Written by / 6/04/2016 / No comments / , ,

A SEMI NOSTALGIC REVIEW OF GHOSTBUSTERS II

Working On The Old Familiar Sign
"One day," says Ernie Hudson's fourth Ghostbuster, Winston, in GHOSTBUSTERS 2, "these kids," referring to a party where he and Ray Stanz, played by film creator Dan Aykroyd, are desperately performing for. "They won't even know who we are!"

That's true and untrue. Oh we remember. And how. Especially with the female reboot a month away from hitting theaters. But it's the classic original, a big budget phenom that acquired everlasting cult status because, like JAWS or STAR WARS, it could have easily not worked – like this sequel, for instance: As most know, Breaking the Fourth Wall refers to a character looking into the camera (the audience perspective of any setting is that of the phantom structure's side we don't see) or simply smiling or winking. In this case, it's shattered audibly as the Ray Parker Jr. hit song blares from a "Ghetto Blaster" while those party kids, instead of yelling "Ghostbusters" following the song's buildup, "Who You Gonna Call?", scream repeatedly, "He-Man! He-Man!"

Dick Miller's job
That's a sort of premonition for this movie's villain, a comic book heavy if ever there was one; although he's the subject of a (in this world) famous painting of a deranged wizardly barbarian, the piece cleaned up by Sigourney Weaver's returning starlet as he, aided by the new Rick Moranis, a token nerd smitten with the tall ALIEN scream queen, becomes pivotal in connecting all things evil to spring forth on Manhattan...

Not that the maligned sequel is entirely useless. One scene, as three of the Busters see an old fashion train underground (and not a subway) is creative, opening potential doors for perhaps more investigative adventure instead of an attempt at joke-a-minute banter – more of the pulpy Weird Tales the writers probably grew up on... But any kind of journey ends too soon while the humor, actually more centered on Dan and Harold throwing bizarre occult references and scientific terminology around as if to hear themselves out loud, just isn't there.

Heavy
Bill Murray's sarcastic Peter Venkman ruled the original, his lines reworked as originally intended for John Belushi by his comedic straight man/partner, Aykroyd – the late Harold Ramis, who gave Bill words in MEATBALLS, CADDYSHACK and STRIPES beforehand, not only fills the proverbial bassline as the ultimate monotone science geek, "Egon", he gave Bill the key to steal everything, intentionally. But here, in part 2, Murray seems like he's already hungover before the party's even begun. His lines are as flat and dull as his delivery lacks punch, and, as a whole, the story's not even worth that much by the time the finale, trying to outdo the iconic Stay Puft Marshmellow Man, closes in.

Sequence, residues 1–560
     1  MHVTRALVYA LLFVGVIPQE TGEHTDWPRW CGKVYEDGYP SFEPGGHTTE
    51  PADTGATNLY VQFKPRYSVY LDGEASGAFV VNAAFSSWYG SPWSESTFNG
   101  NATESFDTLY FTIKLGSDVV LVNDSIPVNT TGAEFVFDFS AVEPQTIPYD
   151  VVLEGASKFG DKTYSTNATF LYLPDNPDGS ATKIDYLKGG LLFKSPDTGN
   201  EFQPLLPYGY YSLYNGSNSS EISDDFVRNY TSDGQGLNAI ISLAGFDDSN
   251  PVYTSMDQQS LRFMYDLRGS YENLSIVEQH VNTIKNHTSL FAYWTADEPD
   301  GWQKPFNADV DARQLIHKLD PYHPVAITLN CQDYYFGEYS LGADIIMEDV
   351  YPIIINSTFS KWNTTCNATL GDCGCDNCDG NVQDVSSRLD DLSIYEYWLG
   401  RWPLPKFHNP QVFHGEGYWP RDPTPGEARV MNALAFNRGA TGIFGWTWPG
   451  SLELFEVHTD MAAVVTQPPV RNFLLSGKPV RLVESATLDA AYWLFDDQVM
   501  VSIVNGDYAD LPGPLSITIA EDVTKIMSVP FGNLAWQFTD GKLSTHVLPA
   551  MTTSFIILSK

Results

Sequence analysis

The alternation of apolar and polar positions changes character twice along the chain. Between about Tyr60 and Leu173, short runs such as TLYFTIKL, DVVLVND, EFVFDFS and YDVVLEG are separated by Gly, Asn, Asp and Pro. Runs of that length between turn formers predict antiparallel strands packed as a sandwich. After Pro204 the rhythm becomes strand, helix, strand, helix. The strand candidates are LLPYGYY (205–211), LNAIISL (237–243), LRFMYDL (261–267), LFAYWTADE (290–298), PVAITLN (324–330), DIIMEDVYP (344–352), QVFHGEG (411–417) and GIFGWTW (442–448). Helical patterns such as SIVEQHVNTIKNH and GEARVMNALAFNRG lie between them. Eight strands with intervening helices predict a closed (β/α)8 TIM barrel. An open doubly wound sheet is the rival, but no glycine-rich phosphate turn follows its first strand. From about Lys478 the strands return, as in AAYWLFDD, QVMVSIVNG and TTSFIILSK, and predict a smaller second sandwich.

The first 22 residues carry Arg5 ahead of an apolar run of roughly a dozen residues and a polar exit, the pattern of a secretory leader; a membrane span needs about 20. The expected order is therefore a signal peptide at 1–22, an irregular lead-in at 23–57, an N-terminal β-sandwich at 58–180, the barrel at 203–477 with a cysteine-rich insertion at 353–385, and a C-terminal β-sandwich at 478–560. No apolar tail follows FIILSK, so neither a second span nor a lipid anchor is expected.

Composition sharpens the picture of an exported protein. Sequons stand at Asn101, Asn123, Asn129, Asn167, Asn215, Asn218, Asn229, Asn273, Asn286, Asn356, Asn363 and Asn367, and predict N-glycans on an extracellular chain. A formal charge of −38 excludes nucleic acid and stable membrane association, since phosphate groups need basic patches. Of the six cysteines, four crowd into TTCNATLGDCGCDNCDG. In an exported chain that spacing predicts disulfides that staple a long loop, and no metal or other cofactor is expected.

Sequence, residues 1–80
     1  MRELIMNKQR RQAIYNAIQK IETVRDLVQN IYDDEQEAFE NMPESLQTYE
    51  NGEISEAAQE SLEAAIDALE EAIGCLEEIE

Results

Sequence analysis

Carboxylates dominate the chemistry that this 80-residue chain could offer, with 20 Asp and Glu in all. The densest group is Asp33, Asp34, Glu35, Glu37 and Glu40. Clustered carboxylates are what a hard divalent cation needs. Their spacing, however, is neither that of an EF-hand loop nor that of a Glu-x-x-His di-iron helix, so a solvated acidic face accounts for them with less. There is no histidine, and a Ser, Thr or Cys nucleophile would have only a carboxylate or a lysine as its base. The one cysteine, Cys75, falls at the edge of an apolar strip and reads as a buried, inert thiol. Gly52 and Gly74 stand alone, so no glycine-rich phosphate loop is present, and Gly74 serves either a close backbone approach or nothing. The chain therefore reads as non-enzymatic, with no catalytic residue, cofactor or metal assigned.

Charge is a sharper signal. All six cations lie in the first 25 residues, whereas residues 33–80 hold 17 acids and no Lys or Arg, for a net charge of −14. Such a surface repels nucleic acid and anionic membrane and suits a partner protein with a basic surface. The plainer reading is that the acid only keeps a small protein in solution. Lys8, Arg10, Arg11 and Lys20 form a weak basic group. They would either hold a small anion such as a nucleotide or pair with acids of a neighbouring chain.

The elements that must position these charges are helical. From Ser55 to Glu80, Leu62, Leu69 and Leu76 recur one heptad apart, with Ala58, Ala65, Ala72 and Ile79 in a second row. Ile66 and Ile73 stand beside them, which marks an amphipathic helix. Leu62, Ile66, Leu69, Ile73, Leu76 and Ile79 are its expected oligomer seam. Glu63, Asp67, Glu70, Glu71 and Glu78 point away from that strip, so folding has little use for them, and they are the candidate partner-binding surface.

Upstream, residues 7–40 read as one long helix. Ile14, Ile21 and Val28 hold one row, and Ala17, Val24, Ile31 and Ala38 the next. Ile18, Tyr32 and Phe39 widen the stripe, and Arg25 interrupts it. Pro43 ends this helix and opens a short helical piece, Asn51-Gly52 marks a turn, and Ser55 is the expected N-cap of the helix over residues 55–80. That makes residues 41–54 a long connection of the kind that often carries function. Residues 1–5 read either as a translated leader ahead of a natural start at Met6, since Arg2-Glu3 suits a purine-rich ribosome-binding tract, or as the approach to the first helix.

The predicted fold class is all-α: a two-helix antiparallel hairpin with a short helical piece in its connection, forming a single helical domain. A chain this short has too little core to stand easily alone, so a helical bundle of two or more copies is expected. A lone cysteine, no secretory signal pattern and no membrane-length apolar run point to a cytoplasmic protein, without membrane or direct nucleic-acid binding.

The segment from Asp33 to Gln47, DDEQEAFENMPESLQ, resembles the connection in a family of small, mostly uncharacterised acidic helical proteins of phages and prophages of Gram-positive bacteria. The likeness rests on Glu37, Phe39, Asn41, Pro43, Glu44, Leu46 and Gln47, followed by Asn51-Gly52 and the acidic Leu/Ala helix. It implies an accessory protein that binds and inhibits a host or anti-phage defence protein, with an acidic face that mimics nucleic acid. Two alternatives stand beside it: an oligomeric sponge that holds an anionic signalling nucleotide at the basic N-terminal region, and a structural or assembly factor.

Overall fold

One great moment... A rich lady's furs striking back... 
This is one of those sequels that, as hardcore fans anticipate detesting the Reboot, have to either forget or face that it could actually be even worse than what's been anticipated since BRIDESMAIDS director Paul Feig broke the news a little while back. And so, GHOSTBUSTERS 2, even with the quick return of Rick Moranis, Annie Potts and the Green Ghost Slimer (based on John Belushi's ANIMAL HOUSE Bluto), just doesn't try hard enough to be something all its own, beginning, through a lazy burst of expository dialogue, the way SON OF KONG did in 1933: the man who brought the Giant Ape to the Big Apple is being sued for the initial havoc caused. It's never good to open a followup by undoing the very thing that made the original shine. The Ghostbusters were accidental heroes now turned vapid zeroes, going through motions without any motion at all.
"She was married to Citizen Kane when this was filmed" No Rick, they were divorced! FILM RATING: **
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